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Shell Fish
Since shell fish like lobster, shrimp, crawfish, crab, etc. aren't good unless they are cooked alive does this transgress the commandment against eating the limb of a living animal? I know that I am not eating it while it's alive, but it is being cooked alive, so does that make a difference?

The prohibition of "meat from a living animal" is only on land manimals and birds, not fish or crustaceans. For crustaceans there is a prohibition only on eating it live, since that would be an act of unnecessary cruelty. Since the crustaceans (lobster, crab, etc.) is already cooked when you eat it, it is permissible. As for boiling it while it is alive, scientific studies have shown that when it hits the already boiling water, its primitive nervous system overloads and it dies. Also this is not done for the sake of torture, but it is a necessary step in the process of using it as food.
Rabbi Yitz
It is not really a matter of opinion, although it may be a matter of taste. The Noahide Commandment against eating meat from a living "animal" only applies to mammals and birds. It does not apply to shellfish.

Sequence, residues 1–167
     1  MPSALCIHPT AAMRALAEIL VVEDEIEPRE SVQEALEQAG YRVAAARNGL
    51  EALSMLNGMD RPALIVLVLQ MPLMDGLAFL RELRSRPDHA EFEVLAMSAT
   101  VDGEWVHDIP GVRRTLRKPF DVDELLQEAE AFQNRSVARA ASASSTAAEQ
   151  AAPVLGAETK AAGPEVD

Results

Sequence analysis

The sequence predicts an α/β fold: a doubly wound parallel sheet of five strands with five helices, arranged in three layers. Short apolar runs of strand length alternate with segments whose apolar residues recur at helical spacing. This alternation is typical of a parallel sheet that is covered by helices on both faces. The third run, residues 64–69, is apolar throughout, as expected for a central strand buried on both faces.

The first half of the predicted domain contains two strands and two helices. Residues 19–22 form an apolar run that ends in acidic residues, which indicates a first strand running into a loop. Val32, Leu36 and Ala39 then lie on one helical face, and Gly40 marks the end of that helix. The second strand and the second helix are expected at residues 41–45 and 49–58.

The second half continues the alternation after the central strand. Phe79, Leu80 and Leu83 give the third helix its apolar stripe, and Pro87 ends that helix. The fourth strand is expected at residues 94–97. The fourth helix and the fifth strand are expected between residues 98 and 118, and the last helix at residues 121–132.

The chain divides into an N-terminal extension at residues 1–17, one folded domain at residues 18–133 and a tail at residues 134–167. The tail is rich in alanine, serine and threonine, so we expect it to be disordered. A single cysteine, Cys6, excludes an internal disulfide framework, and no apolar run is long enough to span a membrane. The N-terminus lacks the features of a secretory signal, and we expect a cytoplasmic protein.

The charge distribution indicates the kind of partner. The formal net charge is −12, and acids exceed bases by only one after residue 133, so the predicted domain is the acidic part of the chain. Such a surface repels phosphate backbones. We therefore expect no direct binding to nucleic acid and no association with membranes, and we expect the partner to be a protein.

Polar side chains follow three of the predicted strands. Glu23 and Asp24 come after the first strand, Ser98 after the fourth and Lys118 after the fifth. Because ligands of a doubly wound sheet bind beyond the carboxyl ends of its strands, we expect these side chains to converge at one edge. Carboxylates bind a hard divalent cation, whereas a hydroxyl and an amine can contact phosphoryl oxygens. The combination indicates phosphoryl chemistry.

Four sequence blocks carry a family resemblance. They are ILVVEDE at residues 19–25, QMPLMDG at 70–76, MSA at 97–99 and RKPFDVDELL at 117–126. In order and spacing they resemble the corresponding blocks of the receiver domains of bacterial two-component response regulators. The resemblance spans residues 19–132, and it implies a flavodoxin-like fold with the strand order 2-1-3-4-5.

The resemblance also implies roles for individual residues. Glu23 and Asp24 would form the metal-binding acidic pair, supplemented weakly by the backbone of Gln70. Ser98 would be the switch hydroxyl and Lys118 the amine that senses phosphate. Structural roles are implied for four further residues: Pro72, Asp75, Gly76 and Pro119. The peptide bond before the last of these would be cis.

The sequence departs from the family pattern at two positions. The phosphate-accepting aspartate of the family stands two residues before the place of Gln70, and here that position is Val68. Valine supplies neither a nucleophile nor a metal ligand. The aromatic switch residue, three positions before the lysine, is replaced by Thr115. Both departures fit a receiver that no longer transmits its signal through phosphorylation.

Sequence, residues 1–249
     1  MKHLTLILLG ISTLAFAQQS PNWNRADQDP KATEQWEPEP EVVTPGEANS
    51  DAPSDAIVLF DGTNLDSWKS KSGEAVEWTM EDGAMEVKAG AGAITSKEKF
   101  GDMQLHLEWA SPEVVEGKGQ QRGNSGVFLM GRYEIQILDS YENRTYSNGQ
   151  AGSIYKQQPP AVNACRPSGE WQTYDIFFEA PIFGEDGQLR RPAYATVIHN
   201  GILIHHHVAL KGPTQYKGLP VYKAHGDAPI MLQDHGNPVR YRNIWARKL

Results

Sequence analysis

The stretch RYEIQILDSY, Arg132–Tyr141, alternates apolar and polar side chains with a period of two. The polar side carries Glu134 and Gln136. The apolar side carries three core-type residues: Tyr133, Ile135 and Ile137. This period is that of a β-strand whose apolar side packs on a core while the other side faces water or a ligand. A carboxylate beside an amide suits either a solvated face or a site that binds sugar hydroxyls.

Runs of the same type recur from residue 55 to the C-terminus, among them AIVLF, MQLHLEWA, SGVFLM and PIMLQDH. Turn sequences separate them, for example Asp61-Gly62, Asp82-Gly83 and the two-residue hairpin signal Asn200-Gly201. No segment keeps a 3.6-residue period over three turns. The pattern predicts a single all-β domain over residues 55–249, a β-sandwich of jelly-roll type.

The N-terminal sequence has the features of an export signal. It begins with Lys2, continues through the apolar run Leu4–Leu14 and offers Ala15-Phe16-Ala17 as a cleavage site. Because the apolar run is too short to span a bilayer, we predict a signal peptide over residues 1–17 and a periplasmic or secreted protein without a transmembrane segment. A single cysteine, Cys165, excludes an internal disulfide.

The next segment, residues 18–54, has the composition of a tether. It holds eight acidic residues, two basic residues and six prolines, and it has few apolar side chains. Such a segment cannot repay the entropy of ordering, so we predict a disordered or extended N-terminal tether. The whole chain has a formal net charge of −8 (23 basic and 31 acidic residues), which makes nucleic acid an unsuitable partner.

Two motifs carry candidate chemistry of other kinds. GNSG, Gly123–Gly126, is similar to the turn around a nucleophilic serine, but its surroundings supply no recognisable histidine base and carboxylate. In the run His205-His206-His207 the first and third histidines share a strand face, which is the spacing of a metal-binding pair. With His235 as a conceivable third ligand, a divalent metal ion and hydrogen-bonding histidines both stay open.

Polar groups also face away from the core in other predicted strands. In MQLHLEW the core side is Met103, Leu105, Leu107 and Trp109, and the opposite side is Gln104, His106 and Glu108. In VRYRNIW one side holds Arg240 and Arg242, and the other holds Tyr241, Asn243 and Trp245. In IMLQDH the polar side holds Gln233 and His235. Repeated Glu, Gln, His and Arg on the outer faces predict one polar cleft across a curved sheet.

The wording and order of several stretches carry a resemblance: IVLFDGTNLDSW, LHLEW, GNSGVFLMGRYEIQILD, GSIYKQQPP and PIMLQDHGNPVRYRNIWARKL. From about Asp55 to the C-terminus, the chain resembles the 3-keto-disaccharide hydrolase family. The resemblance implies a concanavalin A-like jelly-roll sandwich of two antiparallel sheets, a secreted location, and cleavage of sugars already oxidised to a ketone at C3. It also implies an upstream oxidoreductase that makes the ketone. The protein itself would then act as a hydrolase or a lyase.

As a separate issue, people were never given permission from G-d to cause "unnecessary" suffering to an animal (in Hebrew this is called tza'ar balei chayim). But Noahides are allowed to eat any creatures, including oysters, so there must be some acceptable way to prepare them as food. The level of stress which could be ruled as "unnecessary suffering" for an oyster has probably not been scientifically established, if indeed there is such a level. Some people will take advantage of this grey area, because they have a preferance for eating raw oysters versus cooked oysters. Other, more sensitive people will go with cooked as second-best, so they can eat with a clearer conscience.
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The Noahide Commandment (Genesis 9:4) that prohibits eating meat that was severed from a living animal (i.e. while its heart was still beating) does not apply to shellfish. It only applies to land mammals and birds, as explained in Part 4 of "The Divine Code" by Rabbi Moshe Weiner. Although there is no permission for causing pain or suffering to any living creature unless there is some overriding need, the use of shellfish as food for Gentiles is considered to be a valid need. (Jews are forbidden to eat shellfish, according to the Jewish dietary commandments.)

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